Since Ubuntu 13.04 storage access to external devices via MTP is supposed to work out of the box via a GVFS-MTP module.

While this question is about the Galaxy Nexus, other Android devices as well as Windows Phones and MTP enabled media players are also supported.

For troubleshooting see this anwser.

I am having quite a bit of problems getting file-transfers working over MTP with the Galaxy Nexus. I am using Kubuntu 11.10 64-bit, and this is what I have done and the results I get:

  1. Added rule for device in /etc/udev/rules.d/51-android.rules. The rule is the following and works for adb:

    SUBSYSTEMS=="usb", ATTRS{idVendor}=="04e8", ATTRS{idProduct}=="6860", MODE="0666", OWNER="leob" #Galaxy Nexus
  2. Restarted udev (and computer just to make sure).

Adb works, and all methods for reading from the device via MTP seems to work (I have tried mounting with mtpfs, gmtp and using the mtp-tools package directly). When I try to write to the device however, nothing I have tried works.

As an example, running mtp-newfolder test_dir 0 0 gives the following output:

libmtp version: 1.1.0
Device 0 (VID=04e8 and PID=6860) is a Samsung GT-P7510/Galaxy Tab 10.1.
Folder creation failed.
ERROR: Could not close session!

If I run mtp-folders after a failed mtp-newfolder without re-plugging the device, I get the following output:

Attempting to connect device(s)
Device 0 (VID=04e8 and PID=6860) is a Samsung GT-P7510/Galaxy Tab 10.1.
PTP_ERROR_IO: failed to open session, trying again after resetting USB interface
LIBMTP libusb: Attempt to reset device
mtp-folders: Successfully connected
Friendly name: (NULL)
Error 1: Get Storage information failed.
Error 2: PTP Layer error 02fe: get_all_metadata_fast(): could not get proplist of all    objects.
Error 2: (Look this up in ptp.h for an explanation.)
Error 2: PTP Layer error 02fe: get_handles_recursively(): could not get object handles.
Error 2: (Look this up in ptp.h for an explanation.)
: Resource temporarily unavailable

Accompanied by the following in dmesg:

[ 1000.912082] usb 2-4: reset high speed USB device number 7 using ehci_hcd
[ 1001.045877] usb 2-4: usbfs: process 3166 (mtp-folders) did not claim interface 0 before use

Does anyone have any idea about what to do?


I also tried the PTP mode. Again, reading works fine, but I cannot write anything to the device.

  • I don't think it's Samsung.... and I think it is Android. My Honeycomb powered device is the exact same way where you have to use MTP only. I think this is how all post 2.3 Android devices are going to be.
    – user38662
    Dec 20, 2011 at 16:58

7 Answers 7


Since Ubuntu 13.04, storage access to external devices via MTP works out of the box via a GVFS-MTP module.

Related question: Are there any plans to improve mtp support on future Ubuntu releases?

For troubleshooting, see this answer.

For me, it was a problem of not having the latest libmtp files on my system. So I fixed the problem and made this write-up to help others.

Summary of the link: There was a bug in the libmtp bundled with older Ubuntu releases. This bug was already fixed in the latest source of libmtp.

  • 1
    The issue seems to be fixed in packages for Ubuntu 12.04, so those can be used if you are brave enough to do it. I grabbed them from launchpad.net/ubuntu/+source/libmtp/1.1.1-1 and created the packages for system (and the same for gmtp) Dec 20, 2011 at 7:32
  • @Shannon. Thanks. This is the best solution. Wish I had found it first.
    – MountainX
    Jan 25, 2012 at 1:25
  • 2
    rhythmbox still freezes and gives errors (LIBMTP_Send_Representative_Sample(): could not get object info.) when trying to access the nexus, and nautilus gives: Unable to mount Galaxy Nexus; Error initializing camera: -60: Could not lock the device. Poo.
    – waspinator
    Jul 14, 2012 at 15:28
  • It would be nice to update instructions to get latest mtp, not 1.1.1 Sep 29, 2013 at 13:11

Have you tried Bilal Akhtar's suggestion at omgubuntu?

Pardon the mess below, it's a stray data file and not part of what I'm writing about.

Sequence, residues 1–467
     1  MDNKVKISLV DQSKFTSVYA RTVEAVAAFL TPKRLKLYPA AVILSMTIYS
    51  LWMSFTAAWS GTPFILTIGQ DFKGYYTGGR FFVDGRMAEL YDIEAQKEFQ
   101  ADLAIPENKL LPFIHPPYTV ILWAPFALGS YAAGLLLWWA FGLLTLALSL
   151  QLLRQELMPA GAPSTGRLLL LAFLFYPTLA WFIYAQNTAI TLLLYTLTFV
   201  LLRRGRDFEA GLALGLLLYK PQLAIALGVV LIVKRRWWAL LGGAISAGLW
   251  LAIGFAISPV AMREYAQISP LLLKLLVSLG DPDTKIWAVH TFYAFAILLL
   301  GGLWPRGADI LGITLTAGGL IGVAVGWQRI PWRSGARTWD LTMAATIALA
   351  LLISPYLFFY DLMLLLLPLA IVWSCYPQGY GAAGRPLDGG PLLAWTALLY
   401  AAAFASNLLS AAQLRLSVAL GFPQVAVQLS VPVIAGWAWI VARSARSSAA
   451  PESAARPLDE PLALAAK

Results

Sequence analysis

Connecting your Android phone or tablet to Ubuntu with MTPFS

  1. Setup

    First up, install the necessary tools with sudo apt-get install mtp-tools mtpfs

    Connect your Galaxy Nexus to your computer. On your phone, open up the notification drawer, and click on "USB Connection type". Make sure that MTP is selected.

    image showing Android USB connection settings

    Then, run these commands:

    mtp-detect | grep idVendor
    mtp-detect | grep idProduct

    You shall get an output like this: enter image description here

    Now, run these commands:

    gksu gedit /etc/udev/rules.d/51-android.rules

    A Gedit window should open up. Type this text in it, all in a single line:

    SUBSYSTEM=="usb", ATTR{idVendor}=="VENDORID", ATTR{idProduct}=="PRODUCTID", MODE="0666"

    Replace VENDORID with the idVendor you had noted down earlier. Similarly, replace PRODUCTID with the idProduct you had noted down. In my case, they were 04e8 and 685c respectively, but they might have been different for you.

    Save and close the file. Then, disconnect your phone and run these commands:

    sudo service udev restart
    sudo mkdir /media/GalaxyNexus
    sudo chmod a+rwx /media/GalaxyNexus
    sudo adduser $USER fuse

    $USER is a default shell variable and should be the user you want to add (usually yourself). Now, run this command:

    gksu gedit /etc/fuse.conf

    In the Gedit window, remove the # at the beginning of the last line (the one that begins with #user_allow_other) like this:

    enter image description here

    You're almost done! Now, restart your computer, and then run these three commands:

    echo "alias android-connect=\"mtpfs -o allow_other /media/GalaxyNexus\"" >> ~/.bashrc
    echo "alias android-disconnect=\"fusermount -u /media/GalaxyNexus\"" >> ~/.bashrc
    source ~/.bashrc
  2. Usage

    Connect your phone, make sure your phone is using MTP and run android-connect.

    Voila! You can now browse your Android phone contents using Nautilus. Just fire up the file manager, and then in the side bar click GalaxyNexus to browse your phone contents just like you would do with a USB stick. You can also add, remove and modify files just like a normal file system.

    screenshot of nautilus displaying phone contents

    To safely remove the phone, just run android-disconnect.

  3. Conclusion

    From now onward, you just need to run android-connect to mount your phone and then android-disconnect to safely remove your phone. Everything else should be handled automatically. I tried many ways of getting the mount and unmount to happen automatically on cable connect, but this was the best solution I could come up with.